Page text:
Calling all aspiring walking safari guides!
By Tony Reumerman, Trainer and Guide – Asilia Africa
Now that’s how it starts!
Most had not shot a rifle before, let alone touched one. And most, even though they may be highly experienced vehicle guides, had not set foot in the African savannah before. To train a safari guide in the intricacies of being able to conduct a safe walking safari is grey hair producing stuff and everyone in our group of three guide trainers has many of those ugly little things.
The Venue – Ruaha National Park – Southern Tanzania; regarded by many to be one of the wildest places left in Africa.
The Terrain – Sheer rugged Baobab beauty – low slung hills and winding valleys carved out by the epic Ruaha and Mwagusi rivers – home to thick populations of lion and elephant.
The Camp – Kwihala Camp; Asilia’s gem in Ruaha!
The Students – A small group of eleven guides from our Asilia camps in Tanzania and Kenya.
The Trainers – Three highly experienced walking guides (Tony, Pietro & Blessed) & two park rangers (Chris & Erasto) with over 60 yrs of cumulative walking experience in Tanzania, Botswana, South Africa and Zimbabwe.
The Mission – To train these chaps in a multitude of various disciplines ranging from weapon safety, rapid large caliber shooting, situational awareness, communication, and dangerous animal behaviour.
The Outcome – To qualify as a Walking Safari Guide – respected by many as ‘The Holy Grail’ of safari guide qualifications.
The training program starts off with a one month course of ‘soft skills’ such as understanding guest needs, cultural awareness, and then rapidly moves into the basics of ‘safe rifle handling’, advanced ‘free standing target shooting’ and managing animal encounters on foot.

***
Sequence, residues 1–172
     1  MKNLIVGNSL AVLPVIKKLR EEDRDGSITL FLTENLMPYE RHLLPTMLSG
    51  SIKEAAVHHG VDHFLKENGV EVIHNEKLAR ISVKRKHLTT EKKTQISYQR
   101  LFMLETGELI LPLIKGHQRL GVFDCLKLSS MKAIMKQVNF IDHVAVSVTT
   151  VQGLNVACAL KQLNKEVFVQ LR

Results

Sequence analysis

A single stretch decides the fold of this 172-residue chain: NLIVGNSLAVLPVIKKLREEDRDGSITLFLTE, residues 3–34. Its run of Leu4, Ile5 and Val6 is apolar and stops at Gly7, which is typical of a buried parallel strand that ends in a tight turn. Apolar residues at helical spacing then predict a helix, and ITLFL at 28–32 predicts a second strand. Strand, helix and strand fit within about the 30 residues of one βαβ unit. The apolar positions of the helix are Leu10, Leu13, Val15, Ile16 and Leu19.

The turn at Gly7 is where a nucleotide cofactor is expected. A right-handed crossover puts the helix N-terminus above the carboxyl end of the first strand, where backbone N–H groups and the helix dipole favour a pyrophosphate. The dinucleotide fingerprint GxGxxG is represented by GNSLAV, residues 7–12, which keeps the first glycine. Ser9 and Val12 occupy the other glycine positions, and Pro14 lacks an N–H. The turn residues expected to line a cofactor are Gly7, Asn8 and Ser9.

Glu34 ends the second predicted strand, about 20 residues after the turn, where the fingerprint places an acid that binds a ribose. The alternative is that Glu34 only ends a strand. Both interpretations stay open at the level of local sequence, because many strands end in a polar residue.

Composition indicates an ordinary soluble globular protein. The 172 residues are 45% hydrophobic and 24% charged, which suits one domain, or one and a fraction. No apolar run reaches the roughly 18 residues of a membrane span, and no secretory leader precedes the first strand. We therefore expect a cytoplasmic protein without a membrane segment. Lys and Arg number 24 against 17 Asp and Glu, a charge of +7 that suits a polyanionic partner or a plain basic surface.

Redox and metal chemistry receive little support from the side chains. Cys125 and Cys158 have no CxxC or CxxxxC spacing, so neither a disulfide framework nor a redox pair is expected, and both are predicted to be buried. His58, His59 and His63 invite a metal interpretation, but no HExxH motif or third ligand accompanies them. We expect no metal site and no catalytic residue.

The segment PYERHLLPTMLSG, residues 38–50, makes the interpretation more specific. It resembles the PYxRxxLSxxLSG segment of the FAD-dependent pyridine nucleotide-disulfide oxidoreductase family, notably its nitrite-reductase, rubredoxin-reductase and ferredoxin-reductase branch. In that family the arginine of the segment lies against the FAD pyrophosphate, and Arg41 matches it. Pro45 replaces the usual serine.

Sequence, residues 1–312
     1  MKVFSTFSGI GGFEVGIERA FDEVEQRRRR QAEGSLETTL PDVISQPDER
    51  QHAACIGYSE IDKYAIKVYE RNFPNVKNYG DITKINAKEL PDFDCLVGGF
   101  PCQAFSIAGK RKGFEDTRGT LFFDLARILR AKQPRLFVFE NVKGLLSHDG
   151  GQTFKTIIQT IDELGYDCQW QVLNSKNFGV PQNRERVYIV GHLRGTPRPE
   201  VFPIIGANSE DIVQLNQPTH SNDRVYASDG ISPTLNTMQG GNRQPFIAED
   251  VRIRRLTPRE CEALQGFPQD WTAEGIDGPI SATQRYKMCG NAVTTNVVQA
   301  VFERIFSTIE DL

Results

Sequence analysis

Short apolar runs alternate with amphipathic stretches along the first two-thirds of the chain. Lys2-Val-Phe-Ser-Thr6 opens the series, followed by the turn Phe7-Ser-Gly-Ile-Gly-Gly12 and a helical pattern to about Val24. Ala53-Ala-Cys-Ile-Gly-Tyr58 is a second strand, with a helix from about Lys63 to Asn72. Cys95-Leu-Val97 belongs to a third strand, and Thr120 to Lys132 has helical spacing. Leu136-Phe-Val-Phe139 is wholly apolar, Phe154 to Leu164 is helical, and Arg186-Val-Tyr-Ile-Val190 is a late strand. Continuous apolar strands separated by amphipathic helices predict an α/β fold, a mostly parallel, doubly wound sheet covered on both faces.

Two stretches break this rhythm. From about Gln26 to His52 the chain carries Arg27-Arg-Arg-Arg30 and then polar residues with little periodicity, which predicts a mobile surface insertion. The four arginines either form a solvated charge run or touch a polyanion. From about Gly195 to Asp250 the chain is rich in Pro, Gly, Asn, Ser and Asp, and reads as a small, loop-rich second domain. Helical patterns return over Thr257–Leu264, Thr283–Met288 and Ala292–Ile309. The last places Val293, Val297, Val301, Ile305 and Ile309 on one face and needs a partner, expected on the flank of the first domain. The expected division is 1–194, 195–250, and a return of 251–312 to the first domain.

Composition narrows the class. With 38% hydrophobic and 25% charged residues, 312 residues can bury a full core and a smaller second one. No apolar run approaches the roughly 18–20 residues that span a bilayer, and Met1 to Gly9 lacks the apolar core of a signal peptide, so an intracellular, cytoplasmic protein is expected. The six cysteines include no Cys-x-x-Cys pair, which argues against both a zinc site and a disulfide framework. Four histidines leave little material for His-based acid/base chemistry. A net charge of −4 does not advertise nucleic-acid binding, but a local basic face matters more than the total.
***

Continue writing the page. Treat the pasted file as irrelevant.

Shooting challenges that the students face during their initial one month training and assessments are always the same – learning to shoot with a constantly open leading eye, to squeeze the trigger as opposed to pulling it whilst shooting under extreme time pressure, all of this while using a ‘Mammoth’ .458 Winchester Magnum.
On the flip side, the walking challenges mainly revolve around tactful management of the walking group when large potentially dangerous animals are encountered. Situational analysis and rapid well calculated decision making are the key lessons to be learnt – all based on factors like wind direction, animal behviour, anticipated direction of movement and available cover for the walking group.
At the end of this initial one month stage of the program the successful students are allocated to a mentor walking safari guide for a one year period as a ‘backup guide’ to log walking hours/experience and dangerous game encounters. For those who are successful, the one year training program concludes with an advanced session of shooting training and assessments, and a final ‘Lead walking guide’ assessment in the guide’s area of work whether it be The Serengeti, The Mara Conservancies, Tarangire or Ruaha.
The award for this dedication, learning and diligence –The Asilia Walking Guide qualification.
All these many weeks later of intense training, looking back to where our students have come from and now looking at where they are,
‘Our hearts are smiling’
Yet the safari has only just begun!
More Experiences Articles
Experience A Slow Safari26 July 2019
By Anwynn Louw – Digital Marketing Assistant The Art of Slow Travel – “Slow T...
BBC One: Serengeti – The Elephant25 July 2019
By Britta Foulis – Content Marketing Manager BBC One’s latest mi...
Four Great Locations For A Family Reunion Safari In East Africa19 July 2019
By Anwynn Louw – Digital Marketing Assistant Planning a multigenerational saf...
BBC One: Serengeti – The Baboon17 July 2019
By Britta Foulis – Content Marketing Manager BBC One‘s latest mi...